A Mini-Documentary Shows How Jay Z’s Blueprint Laid The Plans For A New Era In Hip-Hop

On September 11, Jay Z’s The Blueprint will celebrate its 15th anniversary. Its release on what is now an infamous date in American history for other, tragic reasons, marked a time in the Roc-A-Fella leader’s career when criminal allegations and frequent diss tracks surrounded his image. However, it has proven to be one of his most celebrated LPs, and for many it served as an introduction to a fledgling superstar in the making named Kanye West, and the duo’s partnership has (without a reasonable doubt) become one of the most influential of the 21st century. For those reasons and more, Pitchfork recently made the album its focus for “Liner Notes,” a new series from the outlet which takes a brief yet immersive look at the backstory behind albums which have become cultural touchstones.

As the new mini-documentary discusses, The Blueprint arrived at a time when it was “becoming increasingly clear that [Hip-Hop] was starting to replace Rock ‘n’ Roll as Pop’s default sound,” and there was a changing of the guards happening in the “chaos” of Rap music. The “Bling Era” sound, spearheaded by the likes of Cash Money Records, was doing its part to attract new kinds of fans to the genre, while simultaneously “alienating hardcore fans,” and artists like Lil Jon, Ludacris, and Outkast were making Southern Rap just as viable from a market perspective as were the East Coast-West Coast regions in the years leading up to the deaths of Tupac Shakur and the Notorious B.I.G. As Heads will likely recall, the notion of “who’d succeed Biggie Smalls as the King of New York was driving MCs to new creative heights.”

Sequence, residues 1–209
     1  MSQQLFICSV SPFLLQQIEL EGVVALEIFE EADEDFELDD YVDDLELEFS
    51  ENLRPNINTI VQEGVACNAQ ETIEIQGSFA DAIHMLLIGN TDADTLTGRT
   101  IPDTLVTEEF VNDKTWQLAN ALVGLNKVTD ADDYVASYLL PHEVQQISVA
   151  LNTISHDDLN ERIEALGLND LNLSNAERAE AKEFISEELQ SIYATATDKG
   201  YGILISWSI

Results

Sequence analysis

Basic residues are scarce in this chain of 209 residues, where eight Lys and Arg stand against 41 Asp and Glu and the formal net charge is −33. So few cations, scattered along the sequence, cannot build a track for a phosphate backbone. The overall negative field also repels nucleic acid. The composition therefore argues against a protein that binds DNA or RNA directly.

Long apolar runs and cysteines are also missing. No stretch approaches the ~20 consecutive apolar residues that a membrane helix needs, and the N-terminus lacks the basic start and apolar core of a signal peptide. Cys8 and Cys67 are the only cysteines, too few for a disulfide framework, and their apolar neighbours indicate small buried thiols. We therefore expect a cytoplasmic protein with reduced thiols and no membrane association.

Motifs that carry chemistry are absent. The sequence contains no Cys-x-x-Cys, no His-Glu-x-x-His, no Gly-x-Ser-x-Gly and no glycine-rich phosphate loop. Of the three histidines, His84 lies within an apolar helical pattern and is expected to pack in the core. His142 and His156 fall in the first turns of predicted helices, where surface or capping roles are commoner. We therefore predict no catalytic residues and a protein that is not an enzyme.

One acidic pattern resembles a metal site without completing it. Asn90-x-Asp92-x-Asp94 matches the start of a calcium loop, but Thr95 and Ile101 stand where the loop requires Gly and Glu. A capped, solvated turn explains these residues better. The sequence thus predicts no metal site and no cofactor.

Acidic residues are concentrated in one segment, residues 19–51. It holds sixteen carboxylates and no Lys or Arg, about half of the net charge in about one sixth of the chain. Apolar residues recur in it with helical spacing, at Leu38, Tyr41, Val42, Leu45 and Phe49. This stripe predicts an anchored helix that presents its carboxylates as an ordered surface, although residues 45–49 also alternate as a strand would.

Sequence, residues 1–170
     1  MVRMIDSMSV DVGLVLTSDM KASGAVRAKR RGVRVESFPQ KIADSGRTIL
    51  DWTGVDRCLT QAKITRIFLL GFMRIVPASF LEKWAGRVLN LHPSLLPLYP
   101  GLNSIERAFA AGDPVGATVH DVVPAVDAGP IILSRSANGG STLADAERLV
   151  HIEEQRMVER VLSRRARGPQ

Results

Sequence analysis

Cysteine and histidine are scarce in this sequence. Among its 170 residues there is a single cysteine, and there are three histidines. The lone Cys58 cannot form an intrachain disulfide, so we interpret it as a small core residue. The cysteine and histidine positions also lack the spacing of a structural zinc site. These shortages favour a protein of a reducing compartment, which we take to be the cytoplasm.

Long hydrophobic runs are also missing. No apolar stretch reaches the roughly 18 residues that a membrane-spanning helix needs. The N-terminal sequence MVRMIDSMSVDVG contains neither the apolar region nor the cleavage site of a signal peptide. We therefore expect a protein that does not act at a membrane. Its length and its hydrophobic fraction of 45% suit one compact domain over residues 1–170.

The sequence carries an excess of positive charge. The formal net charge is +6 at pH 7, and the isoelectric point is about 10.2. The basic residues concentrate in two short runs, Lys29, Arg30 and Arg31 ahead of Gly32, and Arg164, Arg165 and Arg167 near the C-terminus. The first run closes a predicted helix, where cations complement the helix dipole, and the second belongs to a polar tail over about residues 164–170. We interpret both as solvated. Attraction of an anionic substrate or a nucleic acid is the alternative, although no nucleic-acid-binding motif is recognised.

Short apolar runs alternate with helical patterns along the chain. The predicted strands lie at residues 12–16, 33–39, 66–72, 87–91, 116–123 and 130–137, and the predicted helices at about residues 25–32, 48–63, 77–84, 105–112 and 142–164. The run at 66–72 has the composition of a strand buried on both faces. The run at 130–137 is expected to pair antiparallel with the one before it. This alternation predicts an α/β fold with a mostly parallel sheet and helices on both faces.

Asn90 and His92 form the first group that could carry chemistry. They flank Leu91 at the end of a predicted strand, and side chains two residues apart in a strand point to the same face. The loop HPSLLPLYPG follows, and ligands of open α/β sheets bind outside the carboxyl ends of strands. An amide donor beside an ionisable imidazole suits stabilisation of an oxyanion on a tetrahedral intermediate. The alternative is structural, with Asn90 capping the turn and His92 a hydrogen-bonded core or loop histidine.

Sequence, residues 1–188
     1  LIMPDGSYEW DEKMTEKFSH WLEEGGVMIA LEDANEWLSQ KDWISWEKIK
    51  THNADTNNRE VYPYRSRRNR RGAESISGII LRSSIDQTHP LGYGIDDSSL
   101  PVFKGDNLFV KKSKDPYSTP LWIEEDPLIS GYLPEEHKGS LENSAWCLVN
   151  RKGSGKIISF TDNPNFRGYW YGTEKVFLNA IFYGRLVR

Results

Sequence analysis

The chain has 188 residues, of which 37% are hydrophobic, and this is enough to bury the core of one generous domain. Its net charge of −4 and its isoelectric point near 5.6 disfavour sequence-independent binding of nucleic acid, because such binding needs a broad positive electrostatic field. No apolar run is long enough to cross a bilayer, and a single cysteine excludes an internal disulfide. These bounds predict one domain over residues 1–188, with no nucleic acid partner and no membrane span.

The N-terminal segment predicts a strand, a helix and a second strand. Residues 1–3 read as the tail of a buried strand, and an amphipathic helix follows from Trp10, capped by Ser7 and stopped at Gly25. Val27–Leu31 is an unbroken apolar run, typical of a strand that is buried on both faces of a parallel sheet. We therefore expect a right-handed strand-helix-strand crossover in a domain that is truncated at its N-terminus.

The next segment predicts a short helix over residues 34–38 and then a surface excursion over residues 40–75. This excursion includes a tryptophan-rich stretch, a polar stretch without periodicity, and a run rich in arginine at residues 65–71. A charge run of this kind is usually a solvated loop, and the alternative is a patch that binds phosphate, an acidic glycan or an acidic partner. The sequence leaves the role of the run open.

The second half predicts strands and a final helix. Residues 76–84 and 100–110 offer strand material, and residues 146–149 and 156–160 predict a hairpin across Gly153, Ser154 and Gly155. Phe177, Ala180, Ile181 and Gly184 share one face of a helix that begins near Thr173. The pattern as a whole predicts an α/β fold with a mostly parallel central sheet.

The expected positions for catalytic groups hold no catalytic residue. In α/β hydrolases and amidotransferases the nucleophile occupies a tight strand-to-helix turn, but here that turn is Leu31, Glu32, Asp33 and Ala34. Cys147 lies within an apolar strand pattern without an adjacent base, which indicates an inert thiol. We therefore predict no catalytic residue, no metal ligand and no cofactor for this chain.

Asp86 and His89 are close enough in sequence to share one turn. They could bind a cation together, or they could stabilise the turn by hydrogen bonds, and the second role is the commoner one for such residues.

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As such, Jigga, in the eyes of many, rose to the occasion with his sixth album. Selling over 400,000 copies in its first week, it would arrive at double-platinum status and usher in an era of trends, including “the early aughts craze for vintage Soul samples.” Along with West, Just Blaze helped to make what Pitchfork calls “one of the album’s most influential cuts” in “Song Cry.” Ghostface Killah, Lil B, the Game, Keyshia Cole, Rick Ross, and Joey Bada$$ have all since sampled the track, speaking to The Blueprint‘s status as a relatively contemporary LP that has maintained a strong (though perhaps often unspoken) grip on huge stars of both past and present generations.

Of course, the album was also a platform on which Jay famously voiced his piece in ongoing beefs with Mobb Deep and Nas, but The Blueprint‘s legacy remains impressive in the way it continues to echo through the music of its younger audience members (Nicki Minaj’s The Pinkprint would likely be called something else entirely, for example), and also in its crucial role in re-establishing a dominant trend in the East Coast market. Artists like Ja Rule, DMX, Erick Sermon, Busta Rhymes, Fat Joe, Cam’ron, and Beanie Sigel helped make the beginning of the new century a viable era for mainstream success in New York City (with Eminem also playing a major part in invigorating a trend of his own, which could be heard on The Blueprint in the form of “Renegade”), with Jay playing the role of architect in many ways. That’s especially notable as an artist who already had five solo albums under his belt.

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For even more of a glance inside the album’s backstory, Heads can peep Los Angeles’ iconic Rap radio station Power 106’s examination of the LP’s sample material.